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In annual tradition, volunteers place thousands of wreaths at Nevada veterans’ graves

Tim Lenard
Tim Lenard
Community
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On one of the coldest days of the year, hundreds of people gathered at the Northern Nevada Veterans Memorial Cemetery in Fernley to place thousands of wreaths in honor of Nevada’s fallen veterans.

The event on Saturday was put on by the Nevada Veterans Coalition and is part of a nationwide effort called Wreaths Across America, which aims to involve communities in remembrance events and teach younger generations about the sacrifices members of the armed forces make.

Groups of people both young and old attended the event. Cadets from the Civil Air Patrol, a community service organization and federally chartered auxiliary of the U.S. Air Force, placed wreaths along the back wall of the grounds.

Volunteers were asked to recite aloud the name on the headstone where they lay each wreath and service members and cadets were instructed to render a salute. 

“Because if your name is spoken, you are never forgotten,” explained Darin Farr, a leader in the coalition.

Wreaths Across America started informally in 1992, when the owner of a wreath company donated his surplus to be laid at headstones in Arlington National Cemetery. It wasn’t until a photo of the wreaths went viral in 2005 that it started to grow into a nationwide event.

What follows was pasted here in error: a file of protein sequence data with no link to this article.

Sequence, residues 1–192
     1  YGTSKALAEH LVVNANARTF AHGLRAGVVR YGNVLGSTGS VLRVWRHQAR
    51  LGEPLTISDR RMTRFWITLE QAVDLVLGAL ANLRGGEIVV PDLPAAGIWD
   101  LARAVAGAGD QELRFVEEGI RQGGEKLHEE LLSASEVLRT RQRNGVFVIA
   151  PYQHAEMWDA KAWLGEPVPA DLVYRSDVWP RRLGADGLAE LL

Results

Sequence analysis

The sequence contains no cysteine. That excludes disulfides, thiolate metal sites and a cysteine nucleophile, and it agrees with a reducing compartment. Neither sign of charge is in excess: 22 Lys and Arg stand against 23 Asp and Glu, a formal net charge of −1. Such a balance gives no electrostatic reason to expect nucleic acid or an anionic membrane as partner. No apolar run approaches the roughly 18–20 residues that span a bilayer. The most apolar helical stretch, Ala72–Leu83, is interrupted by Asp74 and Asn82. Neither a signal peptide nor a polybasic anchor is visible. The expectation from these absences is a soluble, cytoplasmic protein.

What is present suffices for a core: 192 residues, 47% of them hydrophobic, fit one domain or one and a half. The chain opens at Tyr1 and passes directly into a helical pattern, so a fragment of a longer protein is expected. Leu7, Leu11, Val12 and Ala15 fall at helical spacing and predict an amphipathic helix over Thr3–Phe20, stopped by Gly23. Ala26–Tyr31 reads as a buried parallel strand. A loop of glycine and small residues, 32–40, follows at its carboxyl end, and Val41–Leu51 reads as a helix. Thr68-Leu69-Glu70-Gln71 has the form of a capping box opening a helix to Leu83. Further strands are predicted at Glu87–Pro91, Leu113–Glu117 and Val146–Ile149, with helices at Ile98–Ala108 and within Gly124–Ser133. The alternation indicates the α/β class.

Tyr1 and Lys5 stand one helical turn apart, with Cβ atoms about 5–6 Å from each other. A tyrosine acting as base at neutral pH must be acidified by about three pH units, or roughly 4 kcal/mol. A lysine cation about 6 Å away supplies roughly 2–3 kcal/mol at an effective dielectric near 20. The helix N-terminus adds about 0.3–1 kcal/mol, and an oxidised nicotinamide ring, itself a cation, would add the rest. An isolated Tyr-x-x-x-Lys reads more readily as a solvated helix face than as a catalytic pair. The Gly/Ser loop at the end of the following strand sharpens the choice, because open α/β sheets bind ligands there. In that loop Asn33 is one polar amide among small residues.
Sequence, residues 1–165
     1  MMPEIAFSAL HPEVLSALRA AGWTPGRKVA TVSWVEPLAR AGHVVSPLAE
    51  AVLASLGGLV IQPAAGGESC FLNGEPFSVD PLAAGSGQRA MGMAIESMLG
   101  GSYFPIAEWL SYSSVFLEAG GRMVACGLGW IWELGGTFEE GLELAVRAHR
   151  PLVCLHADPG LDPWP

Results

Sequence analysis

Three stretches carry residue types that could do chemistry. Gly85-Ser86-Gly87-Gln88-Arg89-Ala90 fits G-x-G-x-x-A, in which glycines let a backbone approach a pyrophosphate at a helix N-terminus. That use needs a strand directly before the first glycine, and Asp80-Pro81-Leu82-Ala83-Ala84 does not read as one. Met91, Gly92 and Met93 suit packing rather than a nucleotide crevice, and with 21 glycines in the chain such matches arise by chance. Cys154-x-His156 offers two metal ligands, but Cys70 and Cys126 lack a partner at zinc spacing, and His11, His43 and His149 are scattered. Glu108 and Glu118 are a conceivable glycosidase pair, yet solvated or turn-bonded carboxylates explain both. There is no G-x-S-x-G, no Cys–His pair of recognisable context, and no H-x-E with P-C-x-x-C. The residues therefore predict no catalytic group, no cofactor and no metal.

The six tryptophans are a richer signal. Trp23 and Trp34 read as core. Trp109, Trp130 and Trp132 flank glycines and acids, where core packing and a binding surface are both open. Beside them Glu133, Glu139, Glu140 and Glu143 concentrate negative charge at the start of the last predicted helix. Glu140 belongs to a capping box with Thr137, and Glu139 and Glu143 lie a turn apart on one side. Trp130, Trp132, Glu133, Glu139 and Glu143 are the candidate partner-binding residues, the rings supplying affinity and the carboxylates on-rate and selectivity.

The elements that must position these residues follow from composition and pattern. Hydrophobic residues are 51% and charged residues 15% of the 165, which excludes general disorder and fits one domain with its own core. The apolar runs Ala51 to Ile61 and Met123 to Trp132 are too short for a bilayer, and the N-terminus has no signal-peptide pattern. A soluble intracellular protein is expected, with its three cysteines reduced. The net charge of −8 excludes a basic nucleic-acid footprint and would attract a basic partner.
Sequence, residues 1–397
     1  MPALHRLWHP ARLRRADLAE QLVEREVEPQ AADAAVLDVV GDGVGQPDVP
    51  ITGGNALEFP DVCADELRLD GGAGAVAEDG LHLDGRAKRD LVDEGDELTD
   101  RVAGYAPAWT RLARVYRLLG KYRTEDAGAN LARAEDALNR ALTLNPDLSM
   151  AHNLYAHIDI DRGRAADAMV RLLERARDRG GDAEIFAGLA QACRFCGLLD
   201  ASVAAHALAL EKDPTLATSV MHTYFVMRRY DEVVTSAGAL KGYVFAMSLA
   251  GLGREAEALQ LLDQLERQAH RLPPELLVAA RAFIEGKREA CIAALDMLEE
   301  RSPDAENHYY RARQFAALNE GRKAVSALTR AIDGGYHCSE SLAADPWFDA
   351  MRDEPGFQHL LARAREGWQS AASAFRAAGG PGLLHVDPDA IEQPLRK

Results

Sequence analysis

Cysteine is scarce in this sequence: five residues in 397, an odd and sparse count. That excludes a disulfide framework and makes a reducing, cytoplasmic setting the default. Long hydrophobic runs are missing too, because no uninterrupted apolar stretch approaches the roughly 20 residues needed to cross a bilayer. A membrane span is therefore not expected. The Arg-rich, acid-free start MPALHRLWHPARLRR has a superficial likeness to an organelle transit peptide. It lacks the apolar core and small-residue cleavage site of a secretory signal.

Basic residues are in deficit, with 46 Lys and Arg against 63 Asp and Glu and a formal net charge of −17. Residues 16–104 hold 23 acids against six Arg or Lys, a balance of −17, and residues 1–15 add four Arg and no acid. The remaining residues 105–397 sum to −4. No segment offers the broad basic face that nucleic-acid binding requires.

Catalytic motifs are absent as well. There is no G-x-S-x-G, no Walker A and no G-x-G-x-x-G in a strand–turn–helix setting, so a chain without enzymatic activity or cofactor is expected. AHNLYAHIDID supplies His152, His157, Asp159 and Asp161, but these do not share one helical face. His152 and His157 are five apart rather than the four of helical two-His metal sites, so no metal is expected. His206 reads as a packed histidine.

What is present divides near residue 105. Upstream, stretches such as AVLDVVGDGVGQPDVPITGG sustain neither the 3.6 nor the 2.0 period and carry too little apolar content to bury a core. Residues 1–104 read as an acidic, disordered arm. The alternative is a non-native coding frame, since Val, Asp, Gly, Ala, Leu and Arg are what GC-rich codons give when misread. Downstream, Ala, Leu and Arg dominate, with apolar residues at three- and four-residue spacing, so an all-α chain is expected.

Fundraising for the event starts in June every year and includes everything from large corporate sponsorships to community members sponsoring individual wreaths at $15 apiece. Two large checks — one from Fern 45, a group that organizes an off-road poker run, and the other from Nevadans 4 Vets, which organizes a charity golf tournament, were presented at the event.

The Northern Nevada Veterans Memorial Cemetery was created in 1990 as part of a federal government initiative to support state-run veterans cemeteries. Since then, more than 6,000 veterans and their family members have been laid to rest at the site, with service dating back to World War I.

In less than an hour, volunteers ranging from Fernley High School cheerleaders to combat veteran motorcycle clubs, with fingers numbed by cold, placed all 8,000 wreaths.

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